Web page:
This chapter is available at:
    University Press Scholarship Online

- Paul Breslin
DOI: 10.7208/chicago/9780226074283.003.0009
[Derek Walcott, Caribbean, poetry, The Fortunate Traveller]
This chapter focuses on Walcott's poetry in the 1980s. The Fortunate Traveller (1981) inaugurates a restless decade of shuttling between the Caribbean and North America, with increasingly frequent trips to Europe as well. “I accept my function,” Walcott declares, “as a colonial upstart at the end of empire, / a single, circling, homeless satellite.” Compared with earlier works, there is more self-reflexiveness in The Fortunate Traveller and certainly more attention to it on the part of critics from the mid-1980s onward. Several reasons for this perceived change converge: the growing vogue of deconstructive criticism in the United States in the early 1980s; Walcott's increased contact with U.S. writing and its intellectual ambience; and Walcott's attenuated relation to the Caribbean, which deprived him of the naturalizing trope of an Antaeus-like power derived from place. It is a change that his critics half perceive and half create. (pages 215 - 240)
This chapter is available at:
    University Press Scholarship Online

- Paul Breslin
DOI: 10.7208/chicago/9780226074283.003.0010
[Derek Walcott, Homeric analogy, analogical method]
This chapter analyzes the poem Omeros. It makes a case for the poem's critique of its own analogical method, but suggests that it is impossible, after multiple rereadings, to feel that the whole poem is built with that critique in mind. Too many parts of it seem sincerely invested in the Homeric analogy critiqued elsewhere or simply unaware that their reaching for analogies is strained. It is argued that the self-critique may have emerged in the course of composition, and that Walcott could not (or would not) integrate the portions he had already completed into his belated insight. Nonetheless, Omeros remains a great poem, large in scope and sympathies, with much unforgettable writing. (pages 241 - 272)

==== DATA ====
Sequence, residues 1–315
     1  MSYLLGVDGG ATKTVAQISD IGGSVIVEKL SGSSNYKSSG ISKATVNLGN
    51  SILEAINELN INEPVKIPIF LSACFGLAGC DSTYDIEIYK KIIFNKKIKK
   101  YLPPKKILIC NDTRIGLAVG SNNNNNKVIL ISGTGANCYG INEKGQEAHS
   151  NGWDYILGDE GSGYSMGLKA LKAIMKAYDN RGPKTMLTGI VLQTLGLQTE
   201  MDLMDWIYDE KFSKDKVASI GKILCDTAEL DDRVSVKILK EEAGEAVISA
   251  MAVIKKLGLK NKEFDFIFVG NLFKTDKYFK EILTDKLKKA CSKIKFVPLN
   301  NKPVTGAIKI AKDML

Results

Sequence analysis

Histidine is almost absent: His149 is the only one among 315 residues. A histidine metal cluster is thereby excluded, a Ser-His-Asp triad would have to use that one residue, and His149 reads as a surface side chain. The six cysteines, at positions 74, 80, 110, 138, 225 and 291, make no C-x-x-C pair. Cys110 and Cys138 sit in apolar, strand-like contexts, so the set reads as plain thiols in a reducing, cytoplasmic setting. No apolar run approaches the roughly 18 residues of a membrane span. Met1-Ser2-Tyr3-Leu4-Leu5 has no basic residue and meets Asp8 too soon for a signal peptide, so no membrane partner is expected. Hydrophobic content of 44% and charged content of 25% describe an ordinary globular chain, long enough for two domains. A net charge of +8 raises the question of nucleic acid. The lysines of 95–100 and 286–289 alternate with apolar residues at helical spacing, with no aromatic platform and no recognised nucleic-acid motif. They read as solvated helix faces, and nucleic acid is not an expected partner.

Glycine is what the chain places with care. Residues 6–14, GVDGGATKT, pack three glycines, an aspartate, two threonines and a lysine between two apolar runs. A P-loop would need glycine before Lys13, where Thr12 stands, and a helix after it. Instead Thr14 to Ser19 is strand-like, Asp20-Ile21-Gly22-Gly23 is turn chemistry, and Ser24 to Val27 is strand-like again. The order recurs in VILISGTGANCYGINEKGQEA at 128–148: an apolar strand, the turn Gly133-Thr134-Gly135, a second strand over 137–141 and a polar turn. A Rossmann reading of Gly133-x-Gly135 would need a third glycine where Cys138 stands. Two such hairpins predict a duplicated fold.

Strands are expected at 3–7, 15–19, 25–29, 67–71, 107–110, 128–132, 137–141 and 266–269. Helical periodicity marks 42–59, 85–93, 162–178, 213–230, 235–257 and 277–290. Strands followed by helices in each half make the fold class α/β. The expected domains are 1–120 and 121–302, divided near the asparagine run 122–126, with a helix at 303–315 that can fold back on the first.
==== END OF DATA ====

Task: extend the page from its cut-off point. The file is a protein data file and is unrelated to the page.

This chapter is available at:
    University Press Scholarship Online

- Paul Breslin
DOI: 10.7208/chicago/9780226074283.003.0011
[Derek Walcott, drawings, Omeros, poetry, paintings, Nobel Prize, Alix Walcott, Joseph Brodsky]
In 1992, Walcott received the Nobel Prize, and as Bruce King observes, for some time afterward he “appeared a bit directionless.” Suddenly people who had never cared about his work before were besieging him with requests. There were other distractions as well: a sexual harassment charge in 1994, the death of his mother, Alix Walcott, in 1992 and of his close friend Joseph Brodsky in 1996. The Bounty (1997) was released seven years after the publication of Omeros. Haunted by the death of his mother and his friend and by his own advancing age, The Bounty is Walcott's most melancholy book. Tiepolo's Hound began as a project undertaken as Walcott was finishing The Bounty. In June 1996, when Walcott turned the Bounty manuscript over to Farrar, Straus and Giroux, he and Sigrid “also signed a contract ... for a book of about a hundred Walcott paintings and drawings which Walcott said he would introduce with a ten-page essay.” By November 1997, the essay had become a poem in progress, and what finally emerged was a novella-length poem, accompanied by reproductions of twenty-six Walcott paintings. (pages 273 - 286)
This chapter is available at:
    University Press Scholarship Online

- Paul Breslin
DOI: 10.7208/chicago/9780226074283.003.0012
[Derek Walcott, poets, poetry, writers]
This chapter evaluates Walcott's strengths and weaknesses. Without presuming to settle the question of Walcott's stature, it addresses the main arguments that have been made for — and against — his eminence, and offers the author's own assessment. (pages 287 - 296)
This chapter is available at:
    University Press Scholarship Online

Notes

Index